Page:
St. Francis Xavier (December 3)
St. Francis Xavier, a noble young bookish Spaniard,
had dreams of making a name for himself in the world.
He’d grown up with a knowledge of his faith,
but it was in the background of his life…
until he met another young Spaniard at the university, St. Ignatius of Loyola.
Ignatius recognized Francis’ God-given gifts
and was determined to put them to good use in God’s service.
Francis wasn’t particularly interested, but Ignatius persisted in kindness,
befriending Francis and repeating often the Scripture,
What does it profit a man if he gain the whole world,
but lose his soul?
Those words, together with Ignatius’ kindness and the circumstances God brought into Francis’ life,
finally sank in and lit the fire of faith that would take St. Francis Xavier across the Orient,
spreading the Good News with great joy, humility and persuasiveness.
St. Francis Xavier joined St. Ignatius
as one of the founding members of the Society of Jesus, better known as the Jesuits.
After his ordination to the priesthood, he was sent on a mission to Portuguese colonies in the East.
To make a long story shorter, he traveled extensively in the Orient,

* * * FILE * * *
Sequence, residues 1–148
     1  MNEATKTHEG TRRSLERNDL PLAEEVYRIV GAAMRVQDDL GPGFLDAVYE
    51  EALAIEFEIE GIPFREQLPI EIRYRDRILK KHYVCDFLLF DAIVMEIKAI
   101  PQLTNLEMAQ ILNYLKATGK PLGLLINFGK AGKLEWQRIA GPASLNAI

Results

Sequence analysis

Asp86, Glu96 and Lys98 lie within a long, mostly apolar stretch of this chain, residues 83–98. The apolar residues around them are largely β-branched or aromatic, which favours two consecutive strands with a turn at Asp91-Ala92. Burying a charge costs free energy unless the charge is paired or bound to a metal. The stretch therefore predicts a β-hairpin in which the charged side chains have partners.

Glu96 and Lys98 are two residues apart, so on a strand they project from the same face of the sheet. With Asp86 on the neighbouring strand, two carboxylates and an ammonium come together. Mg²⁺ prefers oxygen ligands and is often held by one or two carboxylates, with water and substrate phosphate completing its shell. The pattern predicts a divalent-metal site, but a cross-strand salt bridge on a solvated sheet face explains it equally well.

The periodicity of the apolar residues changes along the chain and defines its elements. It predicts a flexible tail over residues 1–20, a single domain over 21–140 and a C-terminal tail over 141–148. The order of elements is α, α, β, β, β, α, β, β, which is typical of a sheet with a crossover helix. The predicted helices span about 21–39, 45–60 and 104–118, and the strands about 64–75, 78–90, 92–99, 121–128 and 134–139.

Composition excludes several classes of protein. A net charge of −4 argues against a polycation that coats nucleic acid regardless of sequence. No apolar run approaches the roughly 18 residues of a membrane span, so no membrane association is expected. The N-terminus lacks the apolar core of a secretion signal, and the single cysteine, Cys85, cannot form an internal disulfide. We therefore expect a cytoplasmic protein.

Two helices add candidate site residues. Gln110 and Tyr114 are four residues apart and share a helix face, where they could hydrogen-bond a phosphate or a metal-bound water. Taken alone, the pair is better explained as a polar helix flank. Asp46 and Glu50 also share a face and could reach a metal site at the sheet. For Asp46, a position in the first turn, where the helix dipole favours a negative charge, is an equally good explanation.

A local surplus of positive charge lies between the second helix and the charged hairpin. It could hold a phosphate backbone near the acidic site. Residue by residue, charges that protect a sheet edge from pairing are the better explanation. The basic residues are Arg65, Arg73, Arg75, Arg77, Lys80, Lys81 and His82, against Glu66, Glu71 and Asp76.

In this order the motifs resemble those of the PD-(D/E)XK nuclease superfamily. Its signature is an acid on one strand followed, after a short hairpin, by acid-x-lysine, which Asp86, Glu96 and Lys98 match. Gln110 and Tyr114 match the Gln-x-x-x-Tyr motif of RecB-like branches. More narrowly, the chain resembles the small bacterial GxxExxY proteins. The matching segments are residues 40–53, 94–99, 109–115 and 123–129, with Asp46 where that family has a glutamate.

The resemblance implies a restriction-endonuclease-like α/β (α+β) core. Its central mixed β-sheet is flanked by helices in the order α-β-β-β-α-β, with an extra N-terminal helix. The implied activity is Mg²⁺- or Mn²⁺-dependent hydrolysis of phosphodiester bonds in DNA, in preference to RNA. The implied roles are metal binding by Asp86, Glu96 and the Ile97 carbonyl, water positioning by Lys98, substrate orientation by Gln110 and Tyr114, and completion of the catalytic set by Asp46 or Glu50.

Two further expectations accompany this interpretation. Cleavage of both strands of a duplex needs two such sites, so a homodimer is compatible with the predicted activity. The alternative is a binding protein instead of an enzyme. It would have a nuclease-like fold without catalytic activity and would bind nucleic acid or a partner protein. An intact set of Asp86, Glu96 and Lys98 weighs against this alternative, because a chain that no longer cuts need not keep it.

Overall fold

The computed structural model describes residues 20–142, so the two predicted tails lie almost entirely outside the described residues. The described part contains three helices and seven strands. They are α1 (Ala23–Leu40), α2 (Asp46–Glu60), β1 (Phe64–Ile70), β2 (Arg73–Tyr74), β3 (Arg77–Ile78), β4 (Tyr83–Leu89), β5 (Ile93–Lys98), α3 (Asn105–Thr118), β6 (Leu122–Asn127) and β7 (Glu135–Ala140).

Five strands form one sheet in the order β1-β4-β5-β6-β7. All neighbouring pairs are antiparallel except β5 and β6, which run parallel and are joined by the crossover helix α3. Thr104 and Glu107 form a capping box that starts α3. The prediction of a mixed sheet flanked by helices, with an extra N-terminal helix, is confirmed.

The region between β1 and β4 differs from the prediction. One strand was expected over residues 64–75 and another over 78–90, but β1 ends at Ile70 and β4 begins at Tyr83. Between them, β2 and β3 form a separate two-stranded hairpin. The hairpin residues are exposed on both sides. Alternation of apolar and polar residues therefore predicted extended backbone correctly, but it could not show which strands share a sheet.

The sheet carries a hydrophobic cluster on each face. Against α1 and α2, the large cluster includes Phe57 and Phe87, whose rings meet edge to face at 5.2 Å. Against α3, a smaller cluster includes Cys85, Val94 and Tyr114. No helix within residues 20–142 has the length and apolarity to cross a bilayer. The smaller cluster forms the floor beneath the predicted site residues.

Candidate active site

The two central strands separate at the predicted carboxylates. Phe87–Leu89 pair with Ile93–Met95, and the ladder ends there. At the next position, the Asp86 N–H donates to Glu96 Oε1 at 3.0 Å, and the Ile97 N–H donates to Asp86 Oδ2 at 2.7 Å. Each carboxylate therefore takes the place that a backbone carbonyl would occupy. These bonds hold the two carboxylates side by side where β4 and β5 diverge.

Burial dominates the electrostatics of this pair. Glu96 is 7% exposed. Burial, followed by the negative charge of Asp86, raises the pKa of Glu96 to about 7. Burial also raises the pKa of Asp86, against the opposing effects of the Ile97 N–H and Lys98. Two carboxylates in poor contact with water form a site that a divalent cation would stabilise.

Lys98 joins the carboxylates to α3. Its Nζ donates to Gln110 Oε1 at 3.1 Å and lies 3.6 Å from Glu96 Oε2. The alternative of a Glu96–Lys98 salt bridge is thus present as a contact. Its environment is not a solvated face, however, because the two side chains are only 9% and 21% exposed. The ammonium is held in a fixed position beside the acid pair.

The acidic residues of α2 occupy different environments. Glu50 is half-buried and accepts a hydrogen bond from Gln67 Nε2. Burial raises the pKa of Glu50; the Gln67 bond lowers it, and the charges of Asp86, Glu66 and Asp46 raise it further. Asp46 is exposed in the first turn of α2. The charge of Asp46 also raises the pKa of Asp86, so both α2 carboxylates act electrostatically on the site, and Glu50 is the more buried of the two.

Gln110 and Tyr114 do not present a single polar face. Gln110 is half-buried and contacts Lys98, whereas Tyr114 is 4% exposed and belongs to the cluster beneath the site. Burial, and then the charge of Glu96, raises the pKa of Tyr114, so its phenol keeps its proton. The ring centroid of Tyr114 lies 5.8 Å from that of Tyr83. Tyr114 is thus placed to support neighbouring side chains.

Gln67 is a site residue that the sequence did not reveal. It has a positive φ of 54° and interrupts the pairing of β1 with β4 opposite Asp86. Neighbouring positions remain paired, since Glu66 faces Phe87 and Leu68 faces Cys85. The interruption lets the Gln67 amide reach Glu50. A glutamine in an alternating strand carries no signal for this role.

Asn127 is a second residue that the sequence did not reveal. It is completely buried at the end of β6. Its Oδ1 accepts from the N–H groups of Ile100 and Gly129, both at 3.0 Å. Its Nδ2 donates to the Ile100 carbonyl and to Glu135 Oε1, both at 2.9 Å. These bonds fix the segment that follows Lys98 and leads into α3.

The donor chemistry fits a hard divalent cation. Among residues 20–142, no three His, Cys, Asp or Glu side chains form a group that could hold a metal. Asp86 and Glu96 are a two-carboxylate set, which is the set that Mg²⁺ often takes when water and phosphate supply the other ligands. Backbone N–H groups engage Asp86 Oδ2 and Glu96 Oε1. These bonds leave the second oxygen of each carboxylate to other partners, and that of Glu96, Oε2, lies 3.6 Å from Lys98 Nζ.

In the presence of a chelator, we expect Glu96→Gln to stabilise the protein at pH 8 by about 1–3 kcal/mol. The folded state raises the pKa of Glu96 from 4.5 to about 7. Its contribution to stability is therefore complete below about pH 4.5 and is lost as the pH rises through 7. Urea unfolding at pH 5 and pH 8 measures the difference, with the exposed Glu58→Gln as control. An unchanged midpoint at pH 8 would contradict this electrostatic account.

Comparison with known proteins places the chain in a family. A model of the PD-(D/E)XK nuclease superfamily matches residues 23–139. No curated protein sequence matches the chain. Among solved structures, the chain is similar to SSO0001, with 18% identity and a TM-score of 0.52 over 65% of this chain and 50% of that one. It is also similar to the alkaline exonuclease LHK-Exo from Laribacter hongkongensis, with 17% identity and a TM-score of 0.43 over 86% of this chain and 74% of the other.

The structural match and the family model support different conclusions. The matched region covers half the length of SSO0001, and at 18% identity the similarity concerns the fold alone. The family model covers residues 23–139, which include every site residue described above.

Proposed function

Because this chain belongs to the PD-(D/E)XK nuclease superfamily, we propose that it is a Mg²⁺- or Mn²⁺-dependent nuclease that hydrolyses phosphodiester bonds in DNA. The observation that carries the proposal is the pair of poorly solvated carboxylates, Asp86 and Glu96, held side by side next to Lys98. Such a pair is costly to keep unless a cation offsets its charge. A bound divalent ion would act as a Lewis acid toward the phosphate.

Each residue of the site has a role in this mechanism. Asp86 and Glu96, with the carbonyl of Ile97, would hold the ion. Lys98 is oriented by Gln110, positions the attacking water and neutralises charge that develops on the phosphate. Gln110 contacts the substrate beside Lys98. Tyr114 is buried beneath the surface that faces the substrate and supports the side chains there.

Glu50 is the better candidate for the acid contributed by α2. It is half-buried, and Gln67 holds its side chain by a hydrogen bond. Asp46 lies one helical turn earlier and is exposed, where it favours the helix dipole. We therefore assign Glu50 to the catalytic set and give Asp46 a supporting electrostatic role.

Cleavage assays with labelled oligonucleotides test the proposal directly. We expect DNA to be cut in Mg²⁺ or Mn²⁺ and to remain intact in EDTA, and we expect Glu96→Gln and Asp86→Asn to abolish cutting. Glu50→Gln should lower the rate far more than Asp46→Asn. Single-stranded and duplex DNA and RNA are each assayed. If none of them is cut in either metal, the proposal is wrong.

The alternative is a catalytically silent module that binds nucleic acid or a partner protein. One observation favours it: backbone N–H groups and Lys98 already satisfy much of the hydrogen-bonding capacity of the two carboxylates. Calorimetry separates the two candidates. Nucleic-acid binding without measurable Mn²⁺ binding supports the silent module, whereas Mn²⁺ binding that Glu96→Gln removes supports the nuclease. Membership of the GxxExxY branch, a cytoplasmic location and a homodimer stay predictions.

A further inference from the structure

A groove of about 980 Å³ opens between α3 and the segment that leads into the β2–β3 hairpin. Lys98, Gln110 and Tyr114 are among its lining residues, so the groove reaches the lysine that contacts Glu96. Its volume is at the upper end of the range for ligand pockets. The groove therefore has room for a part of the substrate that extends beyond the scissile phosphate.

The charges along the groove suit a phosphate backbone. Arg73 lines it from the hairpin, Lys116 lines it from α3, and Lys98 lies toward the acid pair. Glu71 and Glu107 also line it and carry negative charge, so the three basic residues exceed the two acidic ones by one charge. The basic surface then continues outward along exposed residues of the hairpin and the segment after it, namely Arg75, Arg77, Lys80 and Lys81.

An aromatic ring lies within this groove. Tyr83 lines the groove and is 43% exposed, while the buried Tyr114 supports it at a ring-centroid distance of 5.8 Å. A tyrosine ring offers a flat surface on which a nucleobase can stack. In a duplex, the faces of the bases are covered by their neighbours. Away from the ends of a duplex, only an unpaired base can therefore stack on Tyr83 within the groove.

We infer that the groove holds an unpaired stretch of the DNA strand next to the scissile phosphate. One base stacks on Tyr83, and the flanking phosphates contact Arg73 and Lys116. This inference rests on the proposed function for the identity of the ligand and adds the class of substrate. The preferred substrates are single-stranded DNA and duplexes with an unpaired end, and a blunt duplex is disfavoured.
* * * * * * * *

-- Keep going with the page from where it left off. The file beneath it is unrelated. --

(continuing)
reforming Christians who were living scandalously unchristian lives
and bringing the Good News of the Gospel to tens of thousands of native people
in India, Japan and the islands in between.
He set his sights on China, but died on an island just off the shore, still awaiting passage.
He had the gift of being understood in languages he had not studied
(although he learned the native languages whenever possible),
and performed many miracles (including raising the dead)
for the sake of demonstrating that God is the true God.
He wrote that on some days he had baptized and instructed so many converts
that he couldn’t lift his arm anymore and his voice was gone.
He suffered a great deal of persecution, including three times having his hut set afire
when he was still in it (!).
The church he established in Japan was so strong that it survived for 200 years underground
with no priests–which means they had no Mass, no Eucharist, no Sacramental Confession, no Last Rites!
St. Francis Xavier, Apostle to the East, pray for us,
that we might catch your zeal to spread the good news of God’s redeeming love
to everyone God brings into our lives.